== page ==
Stress and the Athlete’s Body
It's not just mental. Even mild amounts of anxiety and stress can subvert your performance.
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You’re lying in bed, and you suddenly start worrying. It could be about anything. Or nothing. Maybe it’s just a sinking feeling in your chest, with no thoughts at all—until that old, familiar darkness descends, beckoning the doubts back in again. Then your heart rate quickens as your mind whirs with worst-case scenarios. Tightness creeps into your neck and shoulders, but you’re too busy worrying to notice.
Anxiety disorders are the most common mental illness in the U.S., affecting 40 million adults, according to the Anxiety and Depression Association of America. While stressing doesn’t necessarily make you diagnosable, it does mean you’re anxious, probably tired, and possibly less likely to be at your physical best. In addition, we often don’t realize the extent to which everyday stress can compromise performance.
“Our self-awareness as individuals is incredibly poor,” says Adam Naylor, a sports psychologist and Boston University professor. “There’s a reason you’re exhausted.”
Even if you don’t recognize its physical manifestations, your anxiety is burning up energy stores and motivation levels you could be using to train. When your brain detects and responds to a threat, it leads to the release of adrenaline, says psychologist Richard Zinbarg, who heads up Northwestern University’s Anxiety Lab. In the short term, this gives the body a boost of strength and energy. But when it persists, it leaves the body drained. While the exact impact varies from person to person and is difficult to quantify, the effect is major.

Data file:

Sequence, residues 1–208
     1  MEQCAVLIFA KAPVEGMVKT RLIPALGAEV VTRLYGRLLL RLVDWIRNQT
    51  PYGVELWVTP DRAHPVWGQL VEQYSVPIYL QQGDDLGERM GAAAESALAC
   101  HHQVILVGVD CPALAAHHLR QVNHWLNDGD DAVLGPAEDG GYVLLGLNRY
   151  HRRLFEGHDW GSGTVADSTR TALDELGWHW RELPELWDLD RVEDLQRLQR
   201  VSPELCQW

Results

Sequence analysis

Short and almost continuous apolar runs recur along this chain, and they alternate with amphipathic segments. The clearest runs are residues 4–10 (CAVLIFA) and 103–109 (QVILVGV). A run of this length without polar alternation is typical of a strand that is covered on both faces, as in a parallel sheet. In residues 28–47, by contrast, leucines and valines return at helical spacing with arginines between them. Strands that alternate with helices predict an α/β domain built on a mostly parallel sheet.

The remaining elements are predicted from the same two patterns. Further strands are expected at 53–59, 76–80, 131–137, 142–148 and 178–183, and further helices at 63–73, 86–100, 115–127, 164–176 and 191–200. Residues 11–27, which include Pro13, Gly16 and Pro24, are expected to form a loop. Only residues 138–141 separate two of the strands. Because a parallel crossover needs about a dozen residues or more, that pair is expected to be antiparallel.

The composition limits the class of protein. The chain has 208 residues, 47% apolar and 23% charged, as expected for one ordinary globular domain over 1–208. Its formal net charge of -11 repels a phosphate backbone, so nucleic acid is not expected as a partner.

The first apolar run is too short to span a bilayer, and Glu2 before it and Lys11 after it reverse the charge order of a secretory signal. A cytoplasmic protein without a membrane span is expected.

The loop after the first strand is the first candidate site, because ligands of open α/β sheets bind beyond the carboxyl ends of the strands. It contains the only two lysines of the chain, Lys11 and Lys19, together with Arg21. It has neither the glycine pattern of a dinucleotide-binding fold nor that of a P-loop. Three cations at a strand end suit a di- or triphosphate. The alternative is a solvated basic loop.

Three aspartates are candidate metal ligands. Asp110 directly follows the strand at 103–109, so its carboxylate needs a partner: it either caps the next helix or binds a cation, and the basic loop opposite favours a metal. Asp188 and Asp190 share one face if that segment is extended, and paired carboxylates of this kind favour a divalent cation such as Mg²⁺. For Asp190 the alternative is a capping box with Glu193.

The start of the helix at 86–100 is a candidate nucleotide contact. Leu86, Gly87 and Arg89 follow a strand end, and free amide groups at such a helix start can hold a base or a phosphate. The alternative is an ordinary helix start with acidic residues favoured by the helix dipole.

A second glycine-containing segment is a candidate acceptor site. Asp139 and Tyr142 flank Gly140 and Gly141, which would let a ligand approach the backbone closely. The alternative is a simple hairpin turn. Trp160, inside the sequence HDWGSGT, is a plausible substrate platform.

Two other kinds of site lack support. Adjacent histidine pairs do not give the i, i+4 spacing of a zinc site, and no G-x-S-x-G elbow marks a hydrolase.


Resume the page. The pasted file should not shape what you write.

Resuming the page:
“Like a car engine that revs into the red for too long, it will break down over time,” sports psychologist and performance coach Robert Smith says. “Our bodies start to show the wear and tear of chronic stress.”
The solution? Diagnosed anxiety disorders are best treated by a medical professional. But for the rest of us, the first step is awareness. Naylor recommends doing a “shoulder check” throughout the day. If they’re tense, take a deep breath to release the strain.
Smith suggests deep breathing—inhale slowly through the nose and exhale out through the mouth. This self-conscious breathing will bring you back to the moment.
Stress management is difficult because we live in a fast-paced society, but many coping mechanisms are fairly simple. It’s about “realizing that we have these skills, but aren’t using them when we most need them,” Naylor says.
While some level of stress is good for performance—that boost of adrenaline can make you faster on race day—“excessive anxiety is not one bit helpful,” advises Naylor. “If you’re focused enough, you’re focused enough. There’s a tipping point.”